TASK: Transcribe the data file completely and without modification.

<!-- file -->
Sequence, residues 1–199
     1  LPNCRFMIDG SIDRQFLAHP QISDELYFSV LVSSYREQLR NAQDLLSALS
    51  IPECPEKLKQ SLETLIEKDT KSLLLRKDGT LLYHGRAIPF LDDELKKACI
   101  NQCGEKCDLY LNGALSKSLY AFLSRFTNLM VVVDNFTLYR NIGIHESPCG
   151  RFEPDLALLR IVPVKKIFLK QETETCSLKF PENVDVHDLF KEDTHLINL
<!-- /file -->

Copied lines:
Sequence, residues 1–199
     1  LPNCRFMIDG SIDRQFLAHP QISDELYFSV LVSSYREQLR NAQDLLSALS
    51  IPECPEKLKQ SLETLIEKDT KSLLLRKDGT LLYHGRAIPF LDDELKKACI
   101  NQCGEKCDLY LNGALSKSLY AFLSRFTNLM VVVDNFTLYR NIGIHESPCG
   151  RFEPDLALLR IVPVKKIFLK QETETCSLKF PENVDVHDLF KEDTHLINL